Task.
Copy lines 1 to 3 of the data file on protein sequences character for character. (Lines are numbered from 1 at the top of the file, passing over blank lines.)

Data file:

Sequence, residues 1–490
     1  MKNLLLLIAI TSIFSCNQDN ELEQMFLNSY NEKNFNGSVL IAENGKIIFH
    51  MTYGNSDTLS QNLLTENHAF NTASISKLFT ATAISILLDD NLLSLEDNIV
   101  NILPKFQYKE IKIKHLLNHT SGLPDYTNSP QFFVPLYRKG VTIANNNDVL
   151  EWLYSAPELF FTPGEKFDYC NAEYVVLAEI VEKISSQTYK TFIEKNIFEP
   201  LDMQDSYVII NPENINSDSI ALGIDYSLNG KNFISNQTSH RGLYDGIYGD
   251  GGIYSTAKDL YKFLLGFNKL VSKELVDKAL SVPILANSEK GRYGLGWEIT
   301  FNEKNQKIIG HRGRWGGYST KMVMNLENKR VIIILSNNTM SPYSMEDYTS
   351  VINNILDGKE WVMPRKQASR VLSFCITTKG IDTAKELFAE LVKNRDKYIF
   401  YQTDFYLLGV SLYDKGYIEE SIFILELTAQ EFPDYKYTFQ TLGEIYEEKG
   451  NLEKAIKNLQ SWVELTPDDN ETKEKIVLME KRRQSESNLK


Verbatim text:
Sequence, residues 1–490
     1  MKNLLLLIAI TSIFSCNQDN ELEQMFLNSY NEKNFNGSVL IAENGKIIFH
    51  MTYGNSDTLS QNLLTENHAF NTASISKLFT ATAISILLDD NLLSLEDNIV